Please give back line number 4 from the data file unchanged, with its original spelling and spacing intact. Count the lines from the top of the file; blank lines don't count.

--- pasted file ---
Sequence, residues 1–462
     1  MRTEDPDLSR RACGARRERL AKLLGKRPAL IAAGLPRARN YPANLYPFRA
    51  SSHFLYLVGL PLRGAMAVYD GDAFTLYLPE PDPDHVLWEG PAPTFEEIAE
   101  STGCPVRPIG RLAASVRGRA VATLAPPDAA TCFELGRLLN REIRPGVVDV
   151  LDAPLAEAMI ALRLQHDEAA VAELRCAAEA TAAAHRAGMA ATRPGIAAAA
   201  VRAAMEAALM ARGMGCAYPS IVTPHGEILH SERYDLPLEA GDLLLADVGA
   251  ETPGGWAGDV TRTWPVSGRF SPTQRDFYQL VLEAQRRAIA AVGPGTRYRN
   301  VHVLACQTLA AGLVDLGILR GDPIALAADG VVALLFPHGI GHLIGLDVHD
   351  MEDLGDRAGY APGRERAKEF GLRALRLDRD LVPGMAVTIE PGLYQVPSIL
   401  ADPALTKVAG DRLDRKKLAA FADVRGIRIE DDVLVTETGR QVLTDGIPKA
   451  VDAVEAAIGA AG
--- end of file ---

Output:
   101  STGCPVRPIG RLAASVRGRA VATLAPPDAA TCFELGRLLN REIRPGVVDV